Steps made toward government transparency – more needs to be done
In Maryland, “Sunshine Week 2021” saw some progress toward greater transparency in government activities — but much work remains to be done.
Last week, Maryland’s House of Delegates unanimously approved the Equitable Access to Records Act, HB 183, sponsored by Delegate Brooke Lierman. The bill provides greater authority to the Maryland Public Information Act Compliance Board, to review and decide PIA disputes that are not resolved through mediation with the Ombudsman. It strengthens the 2015 legislation that created the Compliance Board and the Ombudsman position, which have been critical to providing Marylanders with greater access to public records.
- Read testimony of Common Cause Maryland in support of the Senate companion bill here.
- Read “More Enforcement Powers Needed in Maryland’s Public Information Act to Make Government More Transparent,” an op-ed by Public Access Ombudsman Lisa Kershner and John West, the chair of the Public Information Act Compliance Board, in The Maryland Reporter here.
- Read more about the 2015 legislation, championed by Common Cause Maryland and the Maryland, Delaware, DC Press Association, here.
The Montgomery County Council is now considering a bill that would require the Montgomery County Economic Development Corporation to livestream its meetings. The bill, sponsored by Montgomery County Councilman Evan Glass, would be a substantial step toward transparency for an organization that is 96% funded by taxpayers.
- Common Cause Maryland recommends the bill be strengthened by requiring: that livestreams be recorded and archived for at least a year; that all meeting materials — not just the agenda — be publicly posted and easily available to the public at least 24 hours before the meeting; and that meeting materials and meeting notes be archived.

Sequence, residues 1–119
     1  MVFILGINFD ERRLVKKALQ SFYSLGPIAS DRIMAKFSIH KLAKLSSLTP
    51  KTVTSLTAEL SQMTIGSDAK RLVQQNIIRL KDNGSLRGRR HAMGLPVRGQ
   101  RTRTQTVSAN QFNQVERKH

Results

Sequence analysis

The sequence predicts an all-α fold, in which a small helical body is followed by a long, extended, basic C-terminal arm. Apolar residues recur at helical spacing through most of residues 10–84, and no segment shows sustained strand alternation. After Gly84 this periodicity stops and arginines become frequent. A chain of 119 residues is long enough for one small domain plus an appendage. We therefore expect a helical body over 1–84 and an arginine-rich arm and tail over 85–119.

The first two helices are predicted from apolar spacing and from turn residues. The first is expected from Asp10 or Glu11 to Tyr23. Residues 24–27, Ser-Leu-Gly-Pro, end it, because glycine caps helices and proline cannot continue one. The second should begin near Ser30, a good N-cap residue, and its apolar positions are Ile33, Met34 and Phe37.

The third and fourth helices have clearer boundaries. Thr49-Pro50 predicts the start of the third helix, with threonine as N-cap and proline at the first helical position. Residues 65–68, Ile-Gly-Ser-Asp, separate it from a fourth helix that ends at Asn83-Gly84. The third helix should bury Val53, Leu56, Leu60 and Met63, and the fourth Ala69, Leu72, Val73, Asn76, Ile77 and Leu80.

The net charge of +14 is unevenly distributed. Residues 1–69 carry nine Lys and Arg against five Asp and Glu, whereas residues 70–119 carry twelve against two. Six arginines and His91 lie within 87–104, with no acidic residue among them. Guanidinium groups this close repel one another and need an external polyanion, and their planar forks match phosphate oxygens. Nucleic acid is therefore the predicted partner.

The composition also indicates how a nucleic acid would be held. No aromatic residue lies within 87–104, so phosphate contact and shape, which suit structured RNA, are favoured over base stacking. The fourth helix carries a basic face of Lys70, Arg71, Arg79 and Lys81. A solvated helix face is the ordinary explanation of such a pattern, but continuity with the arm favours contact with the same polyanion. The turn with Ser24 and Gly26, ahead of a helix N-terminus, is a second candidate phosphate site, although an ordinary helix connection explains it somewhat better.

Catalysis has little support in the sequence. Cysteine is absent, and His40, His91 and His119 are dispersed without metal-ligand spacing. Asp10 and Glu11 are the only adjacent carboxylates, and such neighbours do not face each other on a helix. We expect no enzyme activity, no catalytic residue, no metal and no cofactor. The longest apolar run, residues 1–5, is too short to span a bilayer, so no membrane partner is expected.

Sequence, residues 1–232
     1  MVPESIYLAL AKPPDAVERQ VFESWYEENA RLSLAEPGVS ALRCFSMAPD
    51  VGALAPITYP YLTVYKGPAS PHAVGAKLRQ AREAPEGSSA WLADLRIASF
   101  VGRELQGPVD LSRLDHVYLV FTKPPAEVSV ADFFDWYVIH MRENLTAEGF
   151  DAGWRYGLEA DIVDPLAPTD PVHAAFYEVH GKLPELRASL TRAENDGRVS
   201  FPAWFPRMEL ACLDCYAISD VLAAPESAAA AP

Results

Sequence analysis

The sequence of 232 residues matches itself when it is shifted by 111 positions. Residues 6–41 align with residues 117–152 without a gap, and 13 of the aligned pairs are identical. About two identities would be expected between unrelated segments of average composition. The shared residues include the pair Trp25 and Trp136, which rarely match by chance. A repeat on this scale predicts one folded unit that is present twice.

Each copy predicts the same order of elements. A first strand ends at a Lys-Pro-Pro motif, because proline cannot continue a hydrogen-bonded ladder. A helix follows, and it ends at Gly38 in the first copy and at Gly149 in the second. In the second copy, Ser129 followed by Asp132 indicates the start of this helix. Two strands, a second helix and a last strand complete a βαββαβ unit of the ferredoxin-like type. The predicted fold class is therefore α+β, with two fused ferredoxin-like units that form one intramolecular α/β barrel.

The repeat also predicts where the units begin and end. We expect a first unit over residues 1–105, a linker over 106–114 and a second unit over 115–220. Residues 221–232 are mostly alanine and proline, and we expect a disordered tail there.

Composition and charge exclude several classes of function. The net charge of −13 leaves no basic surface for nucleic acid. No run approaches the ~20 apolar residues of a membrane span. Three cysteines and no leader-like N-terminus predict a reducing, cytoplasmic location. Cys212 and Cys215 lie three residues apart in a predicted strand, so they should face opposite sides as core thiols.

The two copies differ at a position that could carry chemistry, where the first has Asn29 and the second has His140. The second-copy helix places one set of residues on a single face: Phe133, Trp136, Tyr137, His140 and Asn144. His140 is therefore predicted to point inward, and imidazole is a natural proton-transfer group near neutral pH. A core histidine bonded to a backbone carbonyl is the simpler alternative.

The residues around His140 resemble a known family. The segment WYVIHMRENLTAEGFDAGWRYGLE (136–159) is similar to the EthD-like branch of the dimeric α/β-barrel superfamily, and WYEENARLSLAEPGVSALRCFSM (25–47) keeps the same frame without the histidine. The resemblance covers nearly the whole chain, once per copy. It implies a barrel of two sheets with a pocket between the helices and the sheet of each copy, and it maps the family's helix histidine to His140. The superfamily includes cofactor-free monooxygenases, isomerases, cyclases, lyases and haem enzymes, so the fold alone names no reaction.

- A public hearing on the bill will be held March 23rd at 1:30pm.
However, Common Cause Maryland remains concerned about Montgomery County Executive Marc Elrich’s Executive Order allowing indefinite postponement of public records requests until after the COVID-19 public health emergency is lifted.
- Executive Elrich issued the Order almost six months ago, and there is still no end date in sight. Even during a pandemic — perhaps especially during a pandemic — people’s trust in government depends on transparency.
- The Ombudsman recommends working to fulfill records requests as quickly as possible, subject to operational restrictions.
- Common Cause Maryland urges Executive Elrich to revise his Executive Order to be in line with the Ombudsman’s recommendations, rather than a blanket waiver of response deadlines until 30 days after the emergency is lifted.
As we said a year ago, “Maryland’s confidence in our government is more important during a time of crisis than ever. Public officials must do everything in their power to maximize the ability of the public to continue observing and participating in government proceedings.” Read our March 2020 recommendations for maintaining transparency during COVID-19 here.
“Sunshine Week” is the annual nationwide celebration of access to public information and open government. It was launched in 2005 by the American Society of News Editors (now News Leaders Association). This year’s “Sunshine Week” was March 14-20. Read more here.